The steroid receptor interactions in vitro with specific acceptor sites composed of acceptor protein-DNA complexes fulfill many of the criteria of a physiologically significant binding system. Chromatin acceptor sites for many steroid receptors (especially for the progesterone and estrogen receptor) are specific since they are saturable and competitive with unlabelled receptors, have high affinity for the receptor, distinguish between functional and nonfunctional receptors and demonstrate target tissue specificity. Pure DNA as acceptor sites does not display many of these properties. Therefore, it is clear that certain chromatin proteins provide the necessary specificity for the acceptor sites for the steroid receptors. For the progesterone receptor in the chick oviduct, these nuclear sites appear to contain specific chromosomal proteins as well as specific DNA sequences. The substitution of other chromosomal proteins or the genomic DNAs from evolutionarily distant organisms results in a loss of the specific nuclear binding. The nuclear acceptor sites appear to be resistant to the DNase activity which is not characteristic of transcriptionally active domains of the genome. Further studies using the ovalbumin gene sequences from genomic clones also indicate that none of the sequences within this domain and the 3-k flanking regions appear to contain the specific acceptor sequences. These observations have led to development of a model suggesting that the steroid receptors bind to acceptor sites distant from the structural genes the steroids ultimately regulate. Neighboring these acceptor sites are regulatory genes which code for regulatory substances which in turn (as secondary messengers) regulate at great distances the expression of the structural gene. This model might better fit the sex steroids which require 1-2 h to measurably alter gene transcription, as opposed to the glucocorticoids which more rapidly alter gene expression.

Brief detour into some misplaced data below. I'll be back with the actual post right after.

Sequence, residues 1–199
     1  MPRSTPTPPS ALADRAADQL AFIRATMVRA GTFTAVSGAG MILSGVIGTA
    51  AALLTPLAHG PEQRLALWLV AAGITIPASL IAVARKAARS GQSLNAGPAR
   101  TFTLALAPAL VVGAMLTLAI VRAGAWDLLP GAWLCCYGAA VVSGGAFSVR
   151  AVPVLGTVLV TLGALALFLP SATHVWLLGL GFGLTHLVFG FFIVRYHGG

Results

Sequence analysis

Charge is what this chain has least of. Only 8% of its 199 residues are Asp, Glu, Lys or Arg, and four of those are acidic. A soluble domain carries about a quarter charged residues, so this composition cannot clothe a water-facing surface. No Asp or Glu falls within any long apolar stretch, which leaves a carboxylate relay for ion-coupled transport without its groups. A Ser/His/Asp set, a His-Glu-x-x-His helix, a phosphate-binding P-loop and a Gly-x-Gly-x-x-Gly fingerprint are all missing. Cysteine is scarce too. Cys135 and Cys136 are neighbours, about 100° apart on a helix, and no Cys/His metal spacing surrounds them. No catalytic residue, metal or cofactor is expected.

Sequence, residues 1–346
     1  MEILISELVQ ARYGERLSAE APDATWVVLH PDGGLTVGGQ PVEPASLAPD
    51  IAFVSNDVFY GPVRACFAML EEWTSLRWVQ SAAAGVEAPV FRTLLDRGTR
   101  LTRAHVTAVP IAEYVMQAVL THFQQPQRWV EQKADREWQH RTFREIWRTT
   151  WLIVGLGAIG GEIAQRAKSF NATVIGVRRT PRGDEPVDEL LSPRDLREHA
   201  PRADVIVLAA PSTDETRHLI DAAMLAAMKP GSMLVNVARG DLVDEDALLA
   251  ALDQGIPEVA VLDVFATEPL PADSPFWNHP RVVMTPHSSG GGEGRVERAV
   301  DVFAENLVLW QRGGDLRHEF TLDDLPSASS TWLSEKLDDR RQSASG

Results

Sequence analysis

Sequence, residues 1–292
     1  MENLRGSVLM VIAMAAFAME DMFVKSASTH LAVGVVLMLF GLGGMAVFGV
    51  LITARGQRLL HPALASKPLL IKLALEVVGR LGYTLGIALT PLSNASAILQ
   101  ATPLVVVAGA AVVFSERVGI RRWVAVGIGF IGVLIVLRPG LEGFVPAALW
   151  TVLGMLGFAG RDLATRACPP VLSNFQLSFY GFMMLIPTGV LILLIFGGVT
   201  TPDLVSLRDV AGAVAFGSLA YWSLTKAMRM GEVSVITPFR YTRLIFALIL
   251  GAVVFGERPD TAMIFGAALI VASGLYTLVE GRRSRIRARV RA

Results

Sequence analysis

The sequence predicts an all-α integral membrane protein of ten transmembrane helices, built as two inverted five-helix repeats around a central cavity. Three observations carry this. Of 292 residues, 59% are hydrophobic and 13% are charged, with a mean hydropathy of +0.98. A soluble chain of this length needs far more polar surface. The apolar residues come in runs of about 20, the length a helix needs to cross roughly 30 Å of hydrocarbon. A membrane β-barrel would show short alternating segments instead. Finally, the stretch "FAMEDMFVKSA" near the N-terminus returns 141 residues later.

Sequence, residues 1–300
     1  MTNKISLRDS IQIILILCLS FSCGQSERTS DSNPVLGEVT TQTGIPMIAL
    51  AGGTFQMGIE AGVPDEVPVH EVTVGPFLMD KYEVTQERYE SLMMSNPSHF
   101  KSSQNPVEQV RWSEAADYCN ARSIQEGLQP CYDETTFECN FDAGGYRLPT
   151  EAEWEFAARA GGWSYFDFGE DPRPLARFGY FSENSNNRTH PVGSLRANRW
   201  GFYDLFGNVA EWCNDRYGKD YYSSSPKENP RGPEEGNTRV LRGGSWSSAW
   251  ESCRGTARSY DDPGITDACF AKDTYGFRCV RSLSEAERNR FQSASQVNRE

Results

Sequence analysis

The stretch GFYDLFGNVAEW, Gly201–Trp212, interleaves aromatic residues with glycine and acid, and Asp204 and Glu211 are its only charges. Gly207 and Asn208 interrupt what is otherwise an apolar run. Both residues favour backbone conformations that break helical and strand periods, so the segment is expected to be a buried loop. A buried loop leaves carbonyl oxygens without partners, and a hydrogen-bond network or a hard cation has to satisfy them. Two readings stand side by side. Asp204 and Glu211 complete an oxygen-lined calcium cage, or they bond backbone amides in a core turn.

ASJC Scopus subject areas